Transcriptome of the amino acid metabolism - Part II. Heat map representation of Z-score transformed NPKM values of genes involved in amino acid transport and metabolism (see also Figure 5). Genes with an assigned antisense RNA [25] are marked in blue, genes with NPKM values <10 at all sampling points are indicated by dark grey boxes and statistically not significant values are indicated by light grey boxes. Amino acids written in bold can also be found in Figure 5. Yellow frames indicate reactions with multiple assigned enzymes of which only one is strictly necessary. Pyr: Pyruvate, Oxo: 2-Oxoglutarate. For the corresponding proteome data please refer to Additional file 1: Figure S3.

The genome of B. licheniformis encodes six unambiguous operons encoding peptide ABC transporters (app1, app2, dpp, opp, BLi00892-96, BLi02527-31) [25, 29], four of them showing transcript abundance under the examined conditions (Figure 5). The app1 and the opp operon each encode oligopeptide ABC transporter systems. They are transcribed during all stages of the fermentation process, but show top transcript abundances at the earlier sampling points, particularly at sampling point II (NPKM values >500). In contrast, the dpp operon encoding a dipeptide ABC transporter displays increased RNA abundance over time with maximal levels at sampling point IV. Furthermore, transcripts of the dipeptide/oligopeptide ABC transporter operon BLi00892-96 are only abundant at the later fermentation stages. Regarding the RNA abundances of the opp and dpp operons, similar patterns of activation and repression during cell growth and sporulation have been observed in B. subtilis[3840]. In contrast, the app1 operon, which is orthologous to the app operon of B. subtilis, does not resemble the sporulation-dependent regulation in the model organism [39, 40], indicating a different regulation of this operon in B. licheniformis.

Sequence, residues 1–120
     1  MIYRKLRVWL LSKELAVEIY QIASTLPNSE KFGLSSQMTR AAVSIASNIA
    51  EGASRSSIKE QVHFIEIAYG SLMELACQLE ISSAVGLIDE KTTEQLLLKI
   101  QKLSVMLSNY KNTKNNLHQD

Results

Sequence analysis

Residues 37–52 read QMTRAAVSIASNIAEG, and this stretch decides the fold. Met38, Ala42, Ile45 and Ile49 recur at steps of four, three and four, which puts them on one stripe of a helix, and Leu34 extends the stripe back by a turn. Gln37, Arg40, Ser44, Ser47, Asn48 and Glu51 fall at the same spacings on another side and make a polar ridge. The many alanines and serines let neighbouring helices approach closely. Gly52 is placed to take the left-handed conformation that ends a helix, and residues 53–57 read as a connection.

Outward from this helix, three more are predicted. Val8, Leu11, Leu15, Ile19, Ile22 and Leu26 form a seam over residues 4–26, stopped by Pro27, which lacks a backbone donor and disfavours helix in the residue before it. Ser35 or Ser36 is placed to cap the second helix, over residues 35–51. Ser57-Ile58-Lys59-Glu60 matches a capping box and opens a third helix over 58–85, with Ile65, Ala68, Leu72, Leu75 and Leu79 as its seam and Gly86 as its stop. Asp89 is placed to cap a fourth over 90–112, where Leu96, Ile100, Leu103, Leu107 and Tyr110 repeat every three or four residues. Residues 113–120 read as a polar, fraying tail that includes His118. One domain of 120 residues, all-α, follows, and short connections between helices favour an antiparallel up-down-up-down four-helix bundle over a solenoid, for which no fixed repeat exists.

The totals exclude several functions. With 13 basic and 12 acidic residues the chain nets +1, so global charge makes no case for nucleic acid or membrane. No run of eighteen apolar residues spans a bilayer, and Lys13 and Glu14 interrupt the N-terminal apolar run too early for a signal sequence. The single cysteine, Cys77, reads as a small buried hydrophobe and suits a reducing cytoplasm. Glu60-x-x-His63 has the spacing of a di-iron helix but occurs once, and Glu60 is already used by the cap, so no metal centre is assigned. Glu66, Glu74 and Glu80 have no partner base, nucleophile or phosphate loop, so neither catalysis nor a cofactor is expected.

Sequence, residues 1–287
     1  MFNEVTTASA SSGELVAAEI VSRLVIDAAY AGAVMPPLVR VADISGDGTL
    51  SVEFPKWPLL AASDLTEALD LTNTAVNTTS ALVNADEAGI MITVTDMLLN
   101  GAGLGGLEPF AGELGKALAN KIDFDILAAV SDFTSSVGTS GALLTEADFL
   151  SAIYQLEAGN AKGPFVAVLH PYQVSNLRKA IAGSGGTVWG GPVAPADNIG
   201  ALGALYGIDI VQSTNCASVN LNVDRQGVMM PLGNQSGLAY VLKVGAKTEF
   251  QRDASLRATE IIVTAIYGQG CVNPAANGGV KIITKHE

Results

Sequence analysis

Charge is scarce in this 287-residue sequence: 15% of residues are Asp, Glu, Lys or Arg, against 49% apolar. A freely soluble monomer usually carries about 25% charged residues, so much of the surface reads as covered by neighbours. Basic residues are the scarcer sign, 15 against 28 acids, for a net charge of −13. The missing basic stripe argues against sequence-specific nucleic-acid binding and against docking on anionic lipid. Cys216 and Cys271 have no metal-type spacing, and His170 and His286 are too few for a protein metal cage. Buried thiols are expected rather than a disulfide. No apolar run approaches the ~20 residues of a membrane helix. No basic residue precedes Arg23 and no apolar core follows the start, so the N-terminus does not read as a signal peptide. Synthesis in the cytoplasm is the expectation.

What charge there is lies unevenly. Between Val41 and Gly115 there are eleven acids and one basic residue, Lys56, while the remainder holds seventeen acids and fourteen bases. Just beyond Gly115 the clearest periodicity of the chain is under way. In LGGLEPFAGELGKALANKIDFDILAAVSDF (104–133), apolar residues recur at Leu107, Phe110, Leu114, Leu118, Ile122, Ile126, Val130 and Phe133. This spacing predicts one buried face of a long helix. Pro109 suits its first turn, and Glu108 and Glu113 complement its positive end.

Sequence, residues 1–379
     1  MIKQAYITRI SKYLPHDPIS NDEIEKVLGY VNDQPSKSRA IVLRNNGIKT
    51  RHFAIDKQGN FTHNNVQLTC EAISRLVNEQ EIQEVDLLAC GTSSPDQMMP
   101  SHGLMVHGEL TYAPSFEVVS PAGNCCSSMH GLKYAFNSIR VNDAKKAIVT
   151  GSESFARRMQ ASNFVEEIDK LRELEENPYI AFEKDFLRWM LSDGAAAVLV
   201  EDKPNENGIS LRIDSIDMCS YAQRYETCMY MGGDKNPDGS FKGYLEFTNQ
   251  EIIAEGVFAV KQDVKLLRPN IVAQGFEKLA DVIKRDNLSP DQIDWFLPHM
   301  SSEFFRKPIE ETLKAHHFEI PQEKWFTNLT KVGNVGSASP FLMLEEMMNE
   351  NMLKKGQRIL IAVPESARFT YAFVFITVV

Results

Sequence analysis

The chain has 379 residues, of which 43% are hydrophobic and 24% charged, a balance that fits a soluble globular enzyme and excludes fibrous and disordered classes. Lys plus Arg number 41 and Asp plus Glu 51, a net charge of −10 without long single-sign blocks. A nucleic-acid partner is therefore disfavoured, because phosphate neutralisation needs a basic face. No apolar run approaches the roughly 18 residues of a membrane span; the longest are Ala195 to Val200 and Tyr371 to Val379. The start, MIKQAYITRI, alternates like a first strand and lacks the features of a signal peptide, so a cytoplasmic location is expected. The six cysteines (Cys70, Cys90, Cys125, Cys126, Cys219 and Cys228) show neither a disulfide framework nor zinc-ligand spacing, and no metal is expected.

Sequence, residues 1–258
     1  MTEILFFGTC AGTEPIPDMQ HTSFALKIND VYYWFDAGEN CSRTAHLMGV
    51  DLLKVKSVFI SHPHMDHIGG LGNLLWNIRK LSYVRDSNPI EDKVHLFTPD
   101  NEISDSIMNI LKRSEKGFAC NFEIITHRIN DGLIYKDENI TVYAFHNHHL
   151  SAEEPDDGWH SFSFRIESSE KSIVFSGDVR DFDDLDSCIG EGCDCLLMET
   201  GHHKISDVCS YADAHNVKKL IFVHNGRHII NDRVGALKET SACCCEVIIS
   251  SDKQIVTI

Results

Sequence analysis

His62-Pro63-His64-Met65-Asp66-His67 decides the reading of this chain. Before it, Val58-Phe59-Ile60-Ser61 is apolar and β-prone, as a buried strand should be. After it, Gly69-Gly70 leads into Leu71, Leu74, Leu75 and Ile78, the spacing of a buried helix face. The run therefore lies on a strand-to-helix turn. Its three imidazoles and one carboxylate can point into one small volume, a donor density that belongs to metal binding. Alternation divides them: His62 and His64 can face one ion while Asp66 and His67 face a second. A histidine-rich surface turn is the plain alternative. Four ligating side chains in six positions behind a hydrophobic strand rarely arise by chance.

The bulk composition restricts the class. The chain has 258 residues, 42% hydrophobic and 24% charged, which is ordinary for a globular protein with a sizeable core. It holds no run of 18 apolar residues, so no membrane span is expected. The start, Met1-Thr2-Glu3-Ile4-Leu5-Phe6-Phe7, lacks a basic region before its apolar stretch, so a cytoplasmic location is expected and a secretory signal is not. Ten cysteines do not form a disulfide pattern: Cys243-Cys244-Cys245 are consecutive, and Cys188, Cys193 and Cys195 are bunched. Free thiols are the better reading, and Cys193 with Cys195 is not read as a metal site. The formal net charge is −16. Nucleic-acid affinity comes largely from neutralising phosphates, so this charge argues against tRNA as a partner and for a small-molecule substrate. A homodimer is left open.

The RNA abundances of the ABC transporter operons seem to reveal a fermentation stage-dependent pattern, promoting the idea that oligopeptides are imported primarily, whereas dipeptides are presumably consumed after oligopeptides are exhausted. This transcriptional pattern may be influenced by the fact that dipeptides should become more available over time due to the activity of extracellular protease secreted within the fermentation process. The RNA abundances of further amino acid transporters are shown in Additional file 1: Figure S4.

Sampling point I